Tag Archives: Henry Louis Gates

Navigating the Racial Highway in America

By James Ewers

jewers1If you want to have a good debate or scare people away, then start talking about race.  The ‘race’ word is a powerful one in America’s lexicon and seems to bring out passionate feelings in us. It is a catalyst for both change and status quo. It is my thinking that the word race has brought into context words such as diversity, multiculturalism and inclusion, just to name a few. Many in this country would say that we are simply hung up on race. However, I think our racial healing, or hemorrhaging, is generational. Finally, it seems, young people are not as race-conscious as previous generations, although some may disagree with this statement. What makes the color of a person’s skin the object of so much attention and speculation? Why do some of us base our perceptions about a person solely on their skin color? As we all know, a person’s ability is not based on their skin color but on their competence and cognition. Yet, unfortunately, there are those who will go to their grave thinking otherwise. The uneasiness about race is felt on both sides. Many of our positions and mores about race come from our own experiences. Some of these feelings about race cannot be altered or changed regardless of how many diversity training programs we attend.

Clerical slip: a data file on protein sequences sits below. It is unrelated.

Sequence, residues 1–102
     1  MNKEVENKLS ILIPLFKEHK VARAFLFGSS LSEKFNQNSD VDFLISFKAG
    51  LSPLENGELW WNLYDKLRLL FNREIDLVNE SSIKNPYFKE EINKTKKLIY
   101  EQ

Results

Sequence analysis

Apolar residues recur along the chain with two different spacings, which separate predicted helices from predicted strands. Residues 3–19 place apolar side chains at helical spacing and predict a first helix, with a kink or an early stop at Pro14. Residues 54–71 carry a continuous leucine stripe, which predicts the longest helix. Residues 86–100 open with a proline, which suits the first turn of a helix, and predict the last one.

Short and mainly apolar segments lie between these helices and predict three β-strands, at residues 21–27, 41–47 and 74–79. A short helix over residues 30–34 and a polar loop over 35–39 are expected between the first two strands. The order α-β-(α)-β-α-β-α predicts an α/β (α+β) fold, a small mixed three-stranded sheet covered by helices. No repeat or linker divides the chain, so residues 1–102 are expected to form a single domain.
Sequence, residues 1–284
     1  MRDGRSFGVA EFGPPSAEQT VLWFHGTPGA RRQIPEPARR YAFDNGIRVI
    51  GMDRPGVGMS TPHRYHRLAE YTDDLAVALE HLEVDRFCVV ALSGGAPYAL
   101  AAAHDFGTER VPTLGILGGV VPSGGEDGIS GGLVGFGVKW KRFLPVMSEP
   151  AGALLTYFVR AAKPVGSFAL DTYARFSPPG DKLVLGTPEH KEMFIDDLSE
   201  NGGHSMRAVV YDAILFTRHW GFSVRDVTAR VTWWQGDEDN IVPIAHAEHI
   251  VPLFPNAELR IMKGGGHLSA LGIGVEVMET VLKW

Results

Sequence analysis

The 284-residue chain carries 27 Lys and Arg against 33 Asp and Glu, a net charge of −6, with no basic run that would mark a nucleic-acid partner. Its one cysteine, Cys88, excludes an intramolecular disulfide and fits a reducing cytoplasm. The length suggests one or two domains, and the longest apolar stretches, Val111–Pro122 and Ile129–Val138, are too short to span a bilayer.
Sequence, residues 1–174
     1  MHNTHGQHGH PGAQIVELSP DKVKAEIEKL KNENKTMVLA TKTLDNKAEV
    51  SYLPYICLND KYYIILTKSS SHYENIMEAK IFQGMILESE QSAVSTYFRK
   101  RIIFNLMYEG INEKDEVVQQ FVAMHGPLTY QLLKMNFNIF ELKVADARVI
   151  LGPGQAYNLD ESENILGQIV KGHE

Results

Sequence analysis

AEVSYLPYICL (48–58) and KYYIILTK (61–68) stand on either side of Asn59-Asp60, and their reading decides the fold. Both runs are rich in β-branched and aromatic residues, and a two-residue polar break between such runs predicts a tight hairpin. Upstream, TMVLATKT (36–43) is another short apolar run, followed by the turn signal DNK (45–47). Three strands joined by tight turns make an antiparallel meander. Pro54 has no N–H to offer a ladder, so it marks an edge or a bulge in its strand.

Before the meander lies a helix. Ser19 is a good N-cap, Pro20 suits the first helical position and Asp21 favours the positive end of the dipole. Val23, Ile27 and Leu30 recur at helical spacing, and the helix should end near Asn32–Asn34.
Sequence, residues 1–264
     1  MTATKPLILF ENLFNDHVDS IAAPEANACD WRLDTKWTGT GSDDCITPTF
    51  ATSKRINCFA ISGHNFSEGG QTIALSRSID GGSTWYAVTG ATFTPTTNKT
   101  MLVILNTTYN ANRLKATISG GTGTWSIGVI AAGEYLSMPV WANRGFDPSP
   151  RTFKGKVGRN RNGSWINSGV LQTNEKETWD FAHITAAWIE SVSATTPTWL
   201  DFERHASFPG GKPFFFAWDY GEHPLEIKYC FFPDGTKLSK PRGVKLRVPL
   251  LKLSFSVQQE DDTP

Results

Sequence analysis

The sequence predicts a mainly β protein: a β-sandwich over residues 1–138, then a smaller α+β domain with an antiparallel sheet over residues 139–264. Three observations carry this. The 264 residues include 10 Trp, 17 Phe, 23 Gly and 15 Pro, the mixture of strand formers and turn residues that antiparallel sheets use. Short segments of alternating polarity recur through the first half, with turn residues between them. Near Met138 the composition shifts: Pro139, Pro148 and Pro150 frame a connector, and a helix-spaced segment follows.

Some of our differences as black and white people are quite striking, most notably our responses to race.  I have both black and white friends, and my life is better because of it. But there have been incidents in this country involving race that have elicited such divergent responses I sometimes wonder, “are we looking at the same thing?” So we see things through different lens. There is also an extreme view held by each side about race relations. Some blacks and whites see their own race as the good guys and the other race as the bad guys. I disagree with this view, yet you would be naïve to think that it doesn’t exist.

Race is a slippery slope. Racial attitudes and positions seem to always follow us. Race never takes a break and is like the famous convenience store; it is always open. If you recall just a month ago now a white woman in Pennsylvania alleged that a black man had kidnapped her. We later found out that she was at Disney World. More recently a group of black children were asked to leave a swimming pool for reasons shrouded in race. Both incidents involved race and bad behavior.